Tribune News Service
Jammu, December 1
Catering to over 200 villages in two border Assembly constituencies along the volatile international border (IB), the lone hospital in the RS Pura sector of the district has been grappling with the shortage of infrastructure and manpower, subjecting border dwellers to great hardships for medical treatment.
The problem generally compounds when border areas witness intense shelling and firing by Pakistan, causing injuries to civilians and security personnel. On a majority of occasions, the injured are forced to look for alternative medical facilities to get better treatment.
“There are only 30 beds in Community Health Centre (CHC) in RS Pura,” Block Medical Officer (BMO), RS Pura, said in response to an RTI application filed by a Jammu-based activist and national president of the Kisan Welfare Organisation Rohit Choudhary.
Choudhary claimed that there were more than 200 villages along the border in the RS Pura area and the current health facilities in Community Health Centre, RS Pura, were inadequate to cater to the rush of patients.
“The situation becomes alarming when there is firing and shelling along the border. The grievously injured patients don’t get adequate medical treatment in time. Unfortunately, no government has bothered to take notice of this sensitive issue. Border dwellers continue to be the victim of this official indifference,” the activist said, adding that another building of the hospital was being constructed in the area for the past many years, but it was yet to be completed.
The RTI reply also said a total of 14 ambulances were on road in the RS Pura area to ferry patients, while a total of 462 snakebites were reported in the last nine years. According to the BMO, RS Pura, Satish Chander, the hospital caters to two Assembly constituencies — Suchetgarh and RS Pura under which hundreds of villages fall.
“No doubt, there is shortage of beds in the hospital, but work on a new 50-bed building is in progress and it may be completed by next month. With the commissioning of the new building, we are hopeful that it will deal with the problem to a considerable extent,” the BMO claimed.
He, however, said two posts of specialist in ENT and orthopaedic were lying vacant in the hospital, besides the hospital had a vacant post of CMO. “We have requested the Health Department and we will get the requisite manpower soon,” he said.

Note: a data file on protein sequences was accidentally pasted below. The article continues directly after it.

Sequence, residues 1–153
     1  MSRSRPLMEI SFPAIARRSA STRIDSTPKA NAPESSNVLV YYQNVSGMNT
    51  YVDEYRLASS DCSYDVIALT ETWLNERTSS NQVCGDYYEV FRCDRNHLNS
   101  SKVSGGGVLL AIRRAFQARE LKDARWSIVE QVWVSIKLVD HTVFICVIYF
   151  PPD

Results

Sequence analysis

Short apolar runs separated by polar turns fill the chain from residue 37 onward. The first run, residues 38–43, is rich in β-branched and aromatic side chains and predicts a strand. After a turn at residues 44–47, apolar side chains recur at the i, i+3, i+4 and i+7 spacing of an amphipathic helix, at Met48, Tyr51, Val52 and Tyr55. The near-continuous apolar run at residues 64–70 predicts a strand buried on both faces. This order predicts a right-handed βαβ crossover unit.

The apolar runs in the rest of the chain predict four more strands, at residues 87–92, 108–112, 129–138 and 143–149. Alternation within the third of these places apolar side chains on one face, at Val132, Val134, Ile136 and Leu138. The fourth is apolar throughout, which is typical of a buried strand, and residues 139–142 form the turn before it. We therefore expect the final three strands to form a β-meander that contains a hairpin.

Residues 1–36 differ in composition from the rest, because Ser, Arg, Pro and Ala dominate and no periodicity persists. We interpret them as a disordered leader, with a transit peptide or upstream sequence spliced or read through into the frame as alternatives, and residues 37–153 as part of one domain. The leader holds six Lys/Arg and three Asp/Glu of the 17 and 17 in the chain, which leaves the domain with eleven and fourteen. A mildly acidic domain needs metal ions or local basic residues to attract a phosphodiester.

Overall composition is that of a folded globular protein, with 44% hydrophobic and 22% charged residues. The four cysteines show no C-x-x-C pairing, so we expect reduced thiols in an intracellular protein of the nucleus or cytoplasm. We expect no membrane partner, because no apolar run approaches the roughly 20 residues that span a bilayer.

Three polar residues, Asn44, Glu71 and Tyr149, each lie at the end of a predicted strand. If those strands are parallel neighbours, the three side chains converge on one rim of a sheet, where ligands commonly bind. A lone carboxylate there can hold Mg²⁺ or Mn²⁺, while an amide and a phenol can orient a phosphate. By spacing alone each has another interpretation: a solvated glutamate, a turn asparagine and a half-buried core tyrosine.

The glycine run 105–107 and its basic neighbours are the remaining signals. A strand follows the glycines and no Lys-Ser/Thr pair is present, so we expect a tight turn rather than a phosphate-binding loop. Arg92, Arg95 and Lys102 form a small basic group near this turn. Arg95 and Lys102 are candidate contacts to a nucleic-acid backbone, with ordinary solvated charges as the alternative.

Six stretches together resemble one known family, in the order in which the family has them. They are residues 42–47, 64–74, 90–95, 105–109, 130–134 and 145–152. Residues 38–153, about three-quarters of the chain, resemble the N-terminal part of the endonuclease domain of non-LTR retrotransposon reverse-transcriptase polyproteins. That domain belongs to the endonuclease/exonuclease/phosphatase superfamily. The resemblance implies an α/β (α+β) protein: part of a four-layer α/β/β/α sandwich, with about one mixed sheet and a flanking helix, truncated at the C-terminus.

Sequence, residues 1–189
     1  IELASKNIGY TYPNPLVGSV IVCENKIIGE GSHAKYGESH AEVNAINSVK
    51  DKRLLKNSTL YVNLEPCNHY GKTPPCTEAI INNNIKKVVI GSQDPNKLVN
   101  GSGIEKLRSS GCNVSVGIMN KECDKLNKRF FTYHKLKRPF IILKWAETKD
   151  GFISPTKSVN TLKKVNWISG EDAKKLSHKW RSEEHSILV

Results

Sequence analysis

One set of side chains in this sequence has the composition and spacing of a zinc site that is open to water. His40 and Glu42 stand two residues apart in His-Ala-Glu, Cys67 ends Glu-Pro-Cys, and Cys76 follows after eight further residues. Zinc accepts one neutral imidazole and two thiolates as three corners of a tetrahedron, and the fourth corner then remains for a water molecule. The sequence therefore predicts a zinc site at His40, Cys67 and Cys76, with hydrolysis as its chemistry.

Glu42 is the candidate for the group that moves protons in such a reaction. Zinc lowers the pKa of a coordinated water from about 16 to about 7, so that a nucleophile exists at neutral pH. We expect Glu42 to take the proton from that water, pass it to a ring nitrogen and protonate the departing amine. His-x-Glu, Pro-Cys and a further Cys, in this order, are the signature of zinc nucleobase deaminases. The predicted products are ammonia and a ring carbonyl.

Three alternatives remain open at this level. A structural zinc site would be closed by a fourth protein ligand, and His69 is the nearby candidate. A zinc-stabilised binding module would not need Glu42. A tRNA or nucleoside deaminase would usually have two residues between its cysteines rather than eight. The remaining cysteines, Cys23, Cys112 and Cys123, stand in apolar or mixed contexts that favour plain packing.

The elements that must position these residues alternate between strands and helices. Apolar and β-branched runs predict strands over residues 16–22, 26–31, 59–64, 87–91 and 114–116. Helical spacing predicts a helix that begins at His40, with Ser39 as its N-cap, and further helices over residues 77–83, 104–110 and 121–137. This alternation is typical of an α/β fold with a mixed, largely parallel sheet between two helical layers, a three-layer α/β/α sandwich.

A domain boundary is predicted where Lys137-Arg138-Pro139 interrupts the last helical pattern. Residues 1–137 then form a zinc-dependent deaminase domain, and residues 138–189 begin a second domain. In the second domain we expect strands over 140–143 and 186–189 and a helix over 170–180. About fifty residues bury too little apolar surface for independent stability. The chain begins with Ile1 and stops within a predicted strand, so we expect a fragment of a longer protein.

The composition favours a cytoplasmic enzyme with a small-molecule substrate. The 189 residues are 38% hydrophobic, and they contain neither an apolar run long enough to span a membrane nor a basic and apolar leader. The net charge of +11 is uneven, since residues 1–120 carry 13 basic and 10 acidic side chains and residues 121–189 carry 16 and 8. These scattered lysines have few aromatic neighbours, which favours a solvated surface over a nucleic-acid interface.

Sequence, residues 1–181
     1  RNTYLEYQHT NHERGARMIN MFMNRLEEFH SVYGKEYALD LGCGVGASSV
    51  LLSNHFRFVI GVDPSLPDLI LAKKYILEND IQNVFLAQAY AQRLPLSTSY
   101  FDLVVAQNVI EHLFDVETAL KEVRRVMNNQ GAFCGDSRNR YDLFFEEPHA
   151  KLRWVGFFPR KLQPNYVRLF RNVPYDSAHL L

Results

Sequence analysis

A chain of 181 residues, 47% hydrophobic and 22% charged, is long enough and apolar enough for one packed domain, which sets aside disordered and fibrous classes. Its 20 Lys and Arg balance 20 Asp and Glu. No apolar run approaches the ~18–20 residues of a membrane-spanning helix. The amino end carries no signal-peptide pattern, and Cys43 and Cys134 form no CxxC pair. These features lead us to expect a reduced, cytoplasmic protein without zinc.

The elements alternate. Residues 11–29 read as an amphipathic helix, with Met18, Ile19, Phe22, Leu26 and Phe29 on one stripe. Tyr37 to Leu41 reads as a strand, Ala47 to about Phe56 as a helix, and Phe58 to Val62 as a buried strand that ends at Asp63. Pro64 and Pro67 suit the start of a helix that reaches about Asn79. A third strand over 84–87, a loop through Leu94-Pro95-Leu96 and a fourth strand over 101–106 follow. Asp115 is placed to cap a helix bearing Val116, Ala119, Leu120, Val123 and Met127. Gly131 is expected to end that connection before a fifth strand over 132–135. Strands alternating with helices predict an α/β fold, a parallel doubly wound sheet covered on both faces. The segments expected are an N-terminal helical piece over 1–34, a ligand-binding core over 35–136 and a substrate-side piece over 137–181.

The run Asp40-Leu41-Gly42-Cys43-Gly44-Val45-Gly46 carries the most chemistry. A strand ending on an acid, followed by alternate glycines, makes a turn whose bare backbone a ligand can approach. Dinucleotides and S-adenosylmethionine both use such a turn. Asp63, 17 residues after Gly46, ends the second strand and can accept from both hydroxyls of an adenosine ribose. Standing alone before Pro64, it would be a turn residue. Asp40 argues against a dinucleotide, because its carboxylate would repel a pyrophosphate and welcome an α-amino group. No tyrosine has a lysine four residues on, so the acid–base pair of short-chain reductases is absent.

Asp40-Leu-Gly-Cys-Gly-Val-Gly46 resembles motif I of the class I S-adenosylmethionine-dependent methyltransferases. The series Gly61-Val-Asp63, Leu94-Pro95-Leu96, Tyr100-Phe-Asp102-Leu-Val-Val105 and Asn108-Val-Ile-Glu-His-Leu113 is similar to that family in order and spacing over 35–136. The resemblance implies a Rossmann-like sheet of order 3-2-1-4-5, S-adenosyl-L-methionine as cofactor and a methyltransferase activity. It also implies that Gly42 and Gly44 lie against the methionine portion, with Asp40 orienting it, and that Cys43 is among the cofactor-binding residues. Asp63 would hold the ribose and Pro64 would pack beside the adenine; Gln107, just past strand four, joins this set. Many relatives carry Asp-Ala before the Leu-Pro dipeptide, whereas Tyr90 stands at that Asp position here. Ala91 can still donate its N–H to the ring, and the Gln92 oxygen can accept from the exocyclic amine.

10 years on, Bijbehara trauma hospital nowhere near completion
Anantnag: Ten years have passed since the proposed trauma hospital was sanctioned in Bijbehara area of Anantnag district and six years since the work first started, but the hospital is still incomplete. The hospital was sanctioned in 2008 by the then state government led by National Conference (NC). Eleven other such hospitals were sanctioned along the national highway to tackle trauma cases during accidents along the stretch of the highway. “While the NH-44 is now functional and hospitals do not fall on the highway, they are still in the vicinity and can be effective in tackling trauma cases,” a senior official from the Health Department said. Subsequently, the work was allotted to the Jammu and Kashmir Projects Construction Corporation (JKPCC) in 2013. The estimated cost of the project was Rs 13.4 crore and it was to be completed within 3 years. Six years have passed and the hospital still remains a distant dream. While some of the 12 sanctioned hospitals have been functioning since many years now, this hospital in Bijbehara is nowhere near completion. “The Trauma Hospital in Qazigund area is working for more than eight years now,” the Health official said. Besides, the sub-district hospital in Bijbehara has an unsafe building and the administration wants to shift to the building of the Trauma Hospital for the time being. Meanwhile, the executing agency JKPCC maintains that it will take another two months to hand over the building to the Health Department. Ghulam Muhammad Dar, Managing Director of JKPCC for Anantnag, said the project work was stopped for more than 3 years due to shortage of funds. “Everything has been sorted out now. It will not be more than two months before the project is completed,” he said. — Suhail A Shah
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